)
draw.line([a, b, c, a], fill=(255, 0, 0))

# show the image by the default image viewer
img.show()

How to Get Modelspace Coordinates from Pixel Coordinates

This is the reverse operation of the previous how-to: How to Get the Pixel Coordinates of DXF Entities

def get_image_to_wcs_transform(
    ax: plt.Axes, image_size: tuple[int, int]
) -> Matrix44:
    m = get_wcs_to_image_transform(ax, image_size)
    m.inverse()
    return m

# -x-x-x snip -x-x-x-

img2wcs = get_image_to_wcs_transform(ax, img.size)
print(f"0.25, 0.75 == {img2wcs.transform(a).round(2)}")
print(f"0.75, 0.25 == {img2wcs.transform(b).round(2)}")
print(f"1.00, 1.00 == {img2wcs.transform(c).round(2)}")

How to Export a Specific Area of the Modelspace

This code exports the specified modelspace area from (5, 3) to (7, 8) as a 2x5 inch PNG image to maintain the aspect ratio of the source area.

Use case: render only a specific area of the modelspace.

# -x-x-x snip -x-x-x-

# export the pixel image
fig: plt.Figure = plt.figure()
ax: plt.Axes = fig.add_axes([0, 0, 1, 1])
ctx = RenderContext(doc)
out = MatplotlibBackend(ax)
Frontend(ctx, out).draw_layout(msp, finalize=True)

# setting the export area:
xmin, xmax = 5, 7
ymin, ymax = 3, 8
ax.set_xlim(xmin, xmax)
ax.set_ylim(ymin, ymax)

# set the output size to get the expected aspect ratio:
fig.set_size_inches(xmax - xmin, ymax - ymin)
fig.savefig("x5y3_to_x7y8.png")
plt.close(fig)

How to Render Without Margins

To remove the empty space at the image borders set the margins of the Axes object to zero:

ax.margins(0)
fig.savefig("image_without_margins.png")
plt.close(fig)

See also

How to Set the Pixel Count per Drawing Unit

This code exports the modelspace with an extent of 5 x 3 drawing units with 100 pixels per drawing unit as a 500 x 300 pixel image.

Use case: render the content with a fixed number of pixels for a drawing unit, e.g. a drawing unit of 1 inch should be rendered by 100 pixels.

# -x-x-x snip -x-x-x-

def set_pixel_density(fig: plt.Figure, ax: plt.Axes, ppu: int):
    """Argument `ppu` is pixels per drawing unit."""
    xmin, xmax = ax.get_xlim()
    width = xmax - xmin
    ymin, ymax = ax.get_ylim()
    height = ymax - ymin
    dpi = fig.dpi
    width_inch = width * ppu / dpi
    height_inch = height * ppu / dpi
    fig.set_size_inches(width_inch, height_inch)

# -x-x-x snip -x-x-x-

# export image with 100 pixels per drawing unit = 500x300 pixels
set_pixel_density(fig, ax, 100)
fig.savefig("box_500x300.png")
plt.close(fig)

How to Export a Specific Image Size in Pixels

This code exports the modelspace with an extent of 5 x 3 drawing units as a 1000 x 600 pixel Image.

Use case: render the content with a fixed image size in pixels.

# -x-x-x snip -x-x-x-

def set_pixel_size(fig: plt.Figure, size: tuple[int, int]):
    x, y = size
    fig.set_size_inches(x / fig.dpi, y / fig.dpi)

# -x-x-x snip -x-x-x-

# export image with a size of 1000x600 pixels
set_pixel_size(fig, (1000, 600))
fig.savefig("box_1000x600.png")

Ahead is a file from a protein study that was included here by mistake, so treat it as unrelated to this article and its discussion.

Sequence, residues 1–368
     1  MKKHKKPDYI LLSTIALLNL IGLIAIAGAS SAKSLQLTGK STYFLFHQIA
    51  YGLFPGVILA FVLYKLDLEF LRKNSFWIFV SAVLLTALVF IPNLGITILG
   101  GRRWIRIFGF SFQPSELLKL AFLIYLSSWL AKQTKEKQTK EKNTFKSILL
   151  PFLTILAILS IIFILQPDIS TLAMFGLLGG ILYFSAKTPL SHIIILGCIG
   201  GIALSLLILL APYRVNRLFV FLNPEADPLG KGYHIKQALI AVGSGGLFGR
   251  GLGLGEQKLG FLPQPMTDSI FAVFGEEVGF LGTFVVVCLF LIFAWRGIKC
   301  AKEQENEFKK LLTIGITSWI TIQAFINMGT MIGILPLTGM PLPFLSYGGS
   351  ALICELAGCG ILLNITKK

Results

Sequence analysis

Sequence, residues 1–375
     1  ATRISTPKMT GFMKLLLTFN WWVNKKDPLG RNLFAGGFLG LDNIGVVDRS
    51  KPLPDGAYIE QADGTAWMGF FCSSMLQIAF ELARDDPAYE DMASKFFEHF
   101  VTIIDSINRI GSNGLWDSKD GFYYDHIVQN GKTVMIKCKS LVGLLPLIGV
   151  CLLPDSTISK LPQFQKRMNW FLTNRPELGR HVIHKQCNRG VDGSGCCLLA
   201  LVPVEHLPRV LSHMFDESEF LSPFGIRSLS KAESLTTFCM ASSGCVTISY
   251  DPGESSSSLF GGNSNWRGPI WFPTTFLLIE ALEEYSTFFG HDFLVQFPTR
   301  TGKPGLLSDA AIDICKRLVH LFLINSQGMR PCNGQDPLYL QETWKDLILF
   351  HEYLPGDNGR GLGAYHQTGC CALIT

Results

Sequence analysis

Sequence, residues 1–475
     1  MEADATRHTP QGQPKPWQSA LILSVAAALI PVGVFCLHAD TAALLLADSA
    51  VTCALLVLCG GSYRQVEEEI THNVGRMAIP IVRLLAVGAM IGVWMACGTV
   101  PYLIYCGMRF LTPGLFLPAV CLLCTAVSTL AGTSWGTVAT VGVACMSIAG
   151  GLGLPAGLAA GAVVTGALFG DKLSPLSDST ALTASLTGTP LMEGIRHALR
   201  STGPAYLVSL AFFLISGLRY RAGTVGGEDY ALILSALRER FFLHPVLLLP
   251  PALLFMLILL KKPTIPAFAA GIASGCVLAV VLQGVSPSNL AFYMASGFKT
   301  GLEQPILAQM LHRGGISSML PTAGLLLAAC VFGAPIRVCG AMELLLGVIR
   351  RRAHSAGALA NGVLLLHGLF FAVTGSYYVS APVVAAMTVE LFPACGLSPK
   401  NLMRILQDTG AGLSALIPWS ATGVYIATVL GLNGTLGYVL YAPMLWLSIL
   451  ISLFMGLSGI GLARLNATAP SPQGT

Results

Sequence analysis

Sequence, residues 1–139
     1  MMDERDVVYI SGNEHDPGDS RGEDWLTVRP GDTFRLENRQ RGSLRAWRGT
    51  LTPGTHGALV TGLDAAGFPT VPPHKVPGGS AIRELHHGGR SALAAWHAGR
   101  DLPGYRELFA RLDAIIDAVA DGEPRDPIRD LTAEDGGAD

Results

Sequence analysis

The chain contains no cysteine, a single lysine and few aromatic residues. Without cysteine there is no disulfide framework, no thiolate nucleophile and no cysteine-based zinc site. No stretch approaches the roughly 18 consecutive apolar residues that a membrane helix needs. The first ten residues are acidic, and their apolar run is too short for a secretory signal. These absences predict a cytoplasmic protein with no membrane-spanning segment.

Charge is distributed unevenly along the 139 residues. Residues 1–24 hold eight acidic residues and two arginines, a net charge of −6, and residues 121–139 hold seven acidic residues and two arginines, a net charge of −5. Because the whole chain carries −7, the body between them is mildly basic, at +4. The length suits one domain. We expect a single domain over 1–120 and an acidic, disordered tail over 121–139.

plt.close(fig)

How to Set the Page Size in Inches

The page- or image size in inches is set by the set_size_inches() method of the Figure class. The content within the Axes limits will be scaled to fill the page.

Use case: render the whole content to a PDF document with a specific paper size without worrying about scale.

fig.set_size_inches(8, 11)

How to Render at a Specific Scale

This code exports the modelspace at a specific scale and paper size.

Use case: render the content to a PDF document with a specific paper size and scale, but not all content may be rendered.

# -x-x-x snip -x-x-x-

def render_limits(
    origin: tuple[float, float],
    size_in_inches: tuple[float, float],
    scale: float,
) -> tuple[float, float, float, float]:
    """Returns the final render limits in drawing units.

    Args:
         origin: lower left corner of the modelspace area to render
         size_in_inches: paper size in inches
         scale: render scale, e.g. scale=100 means 1:100, 1m is
             rendered as 0.01m or 1cm on paper

    """
    min_x, min_y = origin
    max_x = min_x + size_in_inches[0] * scale
    max_y = min_y + size_in_inches[1] * scale
    return min_x, min_y, max_x, max_y


def export_to_scale(
    paper_size: tuple[float, float] = (8.5, 11),
    origin: tuple[float, float] = (0, 0),
    scale: float = 1,
    dpi: int = 300,
):
    """Render the modelspace content with to a specific paper size and scale.

    Args:
        paper_size: paper size in inches
        origin: lower left corner of the modelspace area to render
        scale: render scale, e.g. scale=100 means 1:100, 1m is
            rendered as 0.01m or 1cm on paper
        dpi: pixel density on paper as dots per inch

    """
    # -x-x-x snip -x-x-x-

    ctx = RenderContext(doc)
    fig: plt.Figure = plt.figure(dpi=dpi)
    ax: plt.Axes = fig.add_axes([0, 0, 1, 1])

    # disable all margins
    ax.margins(0)

    # get the final render limits in drawing units:
    min_x, min_y, max_x, max_y = render_limits(
        origin, paper_size, scale
    )

    ax.set_xlim(min_x, max_x)
    ax.set_ylim(min_y, max_y)

    out = MatplotlibBackend(ax)
    # finalizing invokes auto-scaling by default!
    Frontend(ctx, out).draw_layout(msp, finalize=False)

    # set output size in inches:
    fig.set_size_inches(paper_size[0], paper_size[1], forward=True)

    fig.savefig(f"image_scale_1_{scale}.pdf", dpi=dpi)
    plt.close(fig)